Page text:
A British astronaut has paid her first ever visit to Hartlepool - and was massively impressed.
Helen Sharman officially launched the new STEM (Science, Technology, Engineering and Mathematics) initiative at High Tunstall College of Science.
Excited students asked her all sorts of questions, including how big the spaceship was that she flew in.
It was wide enough to hold three people inside, she said, but she would have to go back to the instruction manuals to remember its dimensions outside!
Enthusiastic Helen was an immediate hit with the students and had similar praise for High Tunstall head teacher Mark Tilling and his desire to spearhead a new generation of scientists.
She told the Hartlepool Mail of the importance of “anything that promotes science and encourages people, not just to take an interest in it, but shows how relevant science is, to our lives and the importance to the country and to the world economy.”
I really hope they are inspired not just by my presence but by the fact that they have got so much exciting stuff going onHelen Sharman
She described the students as “absolutely fantastic” and added: “I really hope they are inspired not just by my presence but by the fact that they have got so much exciting stuff going on.”
The college’s new STEM system has seen four houses set up, each named after a celebrated figure including Helen herself.
Others include Stephen Hawking, Marie Curie, and Alan Turing.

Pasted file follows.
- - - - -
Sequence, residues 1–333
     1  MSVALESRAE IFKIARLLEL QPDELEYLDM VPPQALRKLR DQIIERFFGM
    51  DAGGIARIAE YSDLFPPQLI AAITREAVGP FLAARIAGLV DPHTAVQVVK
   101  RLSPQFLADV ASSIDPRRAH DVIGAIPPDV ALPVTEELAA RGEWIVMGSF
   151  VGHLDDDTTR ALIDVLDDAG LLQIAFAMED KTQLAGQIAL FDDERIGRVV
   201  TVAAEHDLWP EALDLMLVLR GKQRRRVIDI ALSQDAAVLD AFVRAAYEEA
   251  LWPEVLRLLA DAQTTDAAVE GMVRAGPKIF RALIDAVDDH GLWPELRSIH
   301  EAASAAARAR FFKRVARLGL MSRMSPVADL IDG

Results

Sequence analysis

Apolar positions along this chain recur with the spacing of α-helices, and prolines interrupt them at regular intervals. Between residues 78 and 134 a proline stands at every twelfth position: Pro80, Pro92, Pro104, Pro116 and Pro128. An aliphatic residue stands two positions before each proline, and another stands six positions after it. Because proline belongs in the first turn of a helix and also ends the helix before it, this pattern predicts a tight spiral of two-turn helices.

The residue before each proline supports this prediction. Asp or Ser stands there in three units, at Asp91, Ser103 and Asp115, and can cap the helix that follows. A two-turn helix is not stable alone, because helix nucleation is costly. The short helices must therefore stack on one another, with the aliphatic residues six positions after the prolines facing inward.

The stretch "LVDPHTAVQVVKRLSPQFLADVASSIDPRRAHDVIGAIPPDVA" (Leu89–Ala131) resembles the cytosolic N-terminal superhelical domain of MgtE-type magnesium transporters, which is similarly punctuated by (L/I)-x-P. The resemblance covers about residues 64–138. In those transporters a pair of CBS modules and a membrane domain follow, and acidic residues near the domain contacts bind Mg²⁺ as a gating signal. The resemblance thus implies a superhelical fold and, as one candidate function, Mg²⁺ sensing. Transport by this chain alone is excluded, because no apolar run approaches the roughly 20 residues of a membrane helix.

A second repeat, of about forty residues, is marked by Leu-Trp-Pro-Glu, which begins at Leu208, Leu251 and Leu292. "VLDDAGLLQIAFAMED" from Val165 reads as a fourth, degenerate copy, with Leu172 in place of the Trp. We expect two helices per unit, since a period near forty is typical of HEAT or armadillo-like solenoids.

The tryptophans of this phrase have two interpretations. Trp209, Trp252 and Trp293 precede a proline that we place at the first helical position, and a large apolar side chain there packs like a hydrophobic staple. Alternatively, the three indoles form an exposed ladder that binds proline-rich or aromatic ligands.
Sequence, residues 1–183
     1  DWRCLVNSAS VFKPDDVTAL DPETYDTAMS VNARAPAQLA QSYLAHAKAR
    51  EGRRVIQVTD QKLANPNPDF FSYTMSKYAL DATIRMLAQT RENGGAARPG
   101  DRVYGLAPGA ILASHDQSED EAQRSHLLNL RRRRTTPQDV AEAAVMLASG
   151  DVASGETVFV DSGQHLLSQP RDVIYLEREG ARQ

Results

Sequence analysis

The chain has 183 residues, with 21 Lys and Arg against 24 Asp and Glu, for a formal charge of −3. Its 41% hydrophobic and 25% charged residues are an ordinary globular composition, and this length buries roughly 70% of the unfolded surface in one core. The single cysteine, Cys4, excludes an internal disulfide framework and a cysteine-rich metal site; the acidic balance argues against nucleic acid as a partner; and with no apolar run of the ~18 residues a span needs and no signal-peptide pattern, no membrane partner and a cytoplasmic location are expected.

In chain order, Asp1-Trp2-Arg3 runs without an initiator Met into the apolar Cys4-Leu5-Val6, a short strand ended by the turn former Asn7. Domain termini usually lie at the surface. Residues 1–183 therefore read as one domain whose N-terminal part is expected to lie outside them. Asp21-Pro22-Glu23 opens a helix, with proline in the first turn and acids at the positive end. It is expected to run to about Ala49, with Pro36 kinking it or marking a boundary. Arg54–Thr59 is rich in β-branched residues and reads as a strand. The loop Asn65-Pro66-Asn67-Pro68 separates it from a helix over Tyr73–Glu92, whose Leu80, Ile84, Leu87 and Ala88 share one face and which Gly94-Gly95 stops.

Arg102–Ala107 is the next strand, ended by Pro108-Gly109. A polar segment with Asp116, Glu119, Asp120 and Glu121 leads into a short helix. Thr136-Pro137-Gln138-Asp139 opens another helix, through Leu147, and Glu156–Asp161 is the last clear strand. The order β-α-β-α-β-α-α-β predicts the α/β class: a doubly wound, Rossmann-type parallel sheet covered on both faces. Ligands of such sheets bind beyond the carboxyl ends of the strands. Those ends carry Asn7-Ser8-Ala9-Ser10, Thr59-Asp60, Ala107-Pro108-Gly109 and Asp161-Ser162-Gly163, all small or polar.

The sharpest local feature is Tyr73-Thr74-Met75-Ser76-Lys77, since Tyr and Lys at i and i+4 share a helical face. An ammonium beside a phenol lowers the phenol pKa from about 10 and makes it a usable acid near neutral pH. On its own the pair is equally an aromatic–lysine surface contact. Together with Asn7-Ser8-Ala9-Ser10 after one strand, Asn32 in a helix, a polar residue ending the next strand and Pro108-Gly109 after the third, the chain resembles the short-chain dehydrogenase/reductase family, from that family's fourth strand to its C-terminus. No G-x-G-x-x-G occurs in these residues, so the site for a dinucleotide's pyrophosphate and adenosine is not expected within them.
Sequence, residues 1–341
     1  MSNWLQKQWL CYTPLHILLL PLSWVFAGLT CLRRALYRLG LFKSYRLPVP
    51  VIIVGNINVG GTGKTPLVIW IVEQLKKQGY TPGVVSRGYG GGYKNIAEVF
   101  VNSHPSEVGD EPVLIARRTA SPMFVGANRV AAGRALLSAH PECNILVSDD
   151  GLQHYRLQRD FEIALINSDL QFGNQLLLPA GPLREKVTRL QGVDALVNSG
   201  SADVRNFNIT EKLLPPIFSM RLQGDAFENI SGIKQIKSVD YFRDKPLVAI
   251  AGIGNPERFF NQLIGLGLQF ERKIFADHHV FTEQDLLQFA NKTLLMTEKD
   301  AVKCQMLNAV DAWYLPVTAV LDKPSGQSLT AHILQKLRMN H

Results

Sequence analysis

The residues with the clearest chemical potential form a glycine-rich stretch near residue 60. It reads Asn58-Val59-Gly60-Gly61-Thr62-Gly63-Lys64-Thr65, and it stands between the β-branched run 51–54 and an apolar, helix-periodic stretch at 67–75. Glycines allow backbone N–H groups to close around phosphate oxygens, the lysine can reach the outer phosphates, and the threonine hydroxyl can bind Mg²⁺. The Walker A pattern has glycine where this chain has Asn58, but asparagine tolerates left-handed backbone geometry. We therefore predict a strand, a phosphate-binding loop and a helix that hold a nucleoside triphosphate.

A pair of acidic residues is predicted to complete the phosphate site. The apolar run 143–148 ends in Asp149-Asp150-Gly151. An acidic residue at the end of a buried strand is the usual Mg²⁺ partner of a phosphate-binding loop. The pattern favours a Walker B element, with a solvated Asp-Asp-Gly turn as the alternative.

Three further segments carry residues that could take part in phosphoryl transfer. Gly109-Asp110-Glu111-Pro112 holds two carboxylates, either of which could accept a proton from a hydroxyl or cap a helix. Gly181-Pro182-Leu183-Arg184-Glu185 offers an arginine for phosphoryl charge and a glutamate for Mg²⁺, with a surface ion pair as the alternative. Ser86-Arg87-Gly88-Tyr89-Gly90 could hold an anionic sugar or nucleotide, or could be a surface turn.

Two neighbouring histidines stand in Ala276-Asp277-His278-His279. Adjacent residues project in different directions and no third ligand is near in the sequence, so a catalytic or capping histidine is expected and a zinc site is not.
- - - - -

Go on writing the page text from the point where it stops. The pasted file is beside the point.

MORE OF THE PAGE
The themed event also included two days of students enjoying rocket building and launching, and a chance to dress up as an alien.
As well as a visit to the school, Helen was also due to give a lecture at the Borough Hall.
Helen, who was 27 when she went into space, had responded to an advertisement she heard on the car radio - “Astronaut wanted. No experience necessary.”
She was eventually selected from over 13,000 applicants and was awarded the OBE in 1993. She became the first Briton in space in 1991 when she launched on a Soyuz spacecraft to spend eight days orbiting the Earth, most of that time on the Mir Space Station.
Despite her own achievements, she said she was “amazed” with the determination of Mr Tilling to involve businesses and other schools in her visit and said she had never met a head teacher like him.
Mr Tilling said: “This is absolutely huge. We have been working on it for a number of months.”
He said one of the aims was to get Helen to speak and inspire students, and make them want to achieve.
“She had done something which is out of this world and not all of us can do, but we can achieve.”